To give data more impact and ensure it gets acted on, Sinickas suggests using simple “dashboard visualizations” such as bar graphs, a speedometer dial or mathematical symbols.
Employee perceptions of leadership correlate strongly with a company’s financial success. Since communication opportunities between leaders and employees help form employees’ opinions of leaders, communicators need to do all they can to enhance and improve these contact points.
The easiest and least expensive way to see the difference communication makes in employees’ engagement levels is to use the outcome questions from an engagement survey as a demographic criterion for all the questions on a communication survey, just as you would for variations by business unit or job level.
Calculating a return on investment (ROI) for something as intangible as internal communication has long been considered nearly impossible. But the trick to calculating ROI is to focus on small elements of our communications that are directly targeted at changing some measurable behavior.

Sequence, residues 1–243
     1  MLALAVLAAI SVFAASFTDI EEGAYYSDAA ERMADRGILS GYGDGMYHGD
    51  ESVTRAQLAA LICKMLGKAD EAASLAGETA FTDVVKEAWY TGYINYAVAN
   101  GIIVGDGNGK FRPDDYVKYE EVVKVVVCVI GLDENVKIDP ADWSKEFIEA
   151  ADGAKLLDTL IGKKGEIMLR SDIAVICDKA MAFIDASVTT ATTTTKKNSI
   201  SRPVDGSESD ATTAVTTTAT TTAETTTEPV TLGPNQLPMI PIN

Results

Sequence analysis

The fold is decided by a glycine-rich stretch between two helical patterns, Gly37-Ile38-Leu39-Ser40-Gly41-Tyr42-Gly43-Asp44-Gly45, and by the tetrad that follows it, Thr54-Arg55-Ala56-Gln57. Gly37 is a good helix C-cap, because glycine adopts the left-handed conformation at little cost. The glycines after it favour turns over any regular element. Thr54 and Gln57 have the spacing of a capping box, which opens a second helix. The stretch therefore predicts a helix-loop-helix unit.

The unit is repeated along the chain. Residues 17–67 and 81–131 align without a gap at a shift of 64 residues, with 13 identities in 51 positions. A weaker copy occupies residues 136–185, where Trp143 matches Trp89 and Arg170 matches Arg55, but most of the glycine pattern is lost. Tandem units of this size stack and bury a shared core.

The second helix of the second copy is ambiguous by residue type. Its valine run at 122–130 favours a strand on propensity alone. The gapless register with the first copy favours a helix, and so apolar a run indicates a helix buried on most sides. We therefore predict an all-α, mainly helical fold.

Dr. James Grunig defines relationship measurement in terms of process (number and type of communication activities conducted to strengthen relationships) and outcomes (the type and quality of relationship desired). These are fairly low-value levels of communication to measurethe activities we pursue and the audience perception changes that result. We need to go further and connect relationships to changed behaviors in our stakeholder groups and place a financial value on those behavior changes.
One of the buzzwords in communication today is that relationship measurement is the ultimate metric. This article disputes that concept since for executives, financial results are the ultimate metric. Until an improved relationship changes people’s behavior in a way that helps the bottom line, most executives won’t care.
10 steps to connect your communication work with changes in your audience’s actions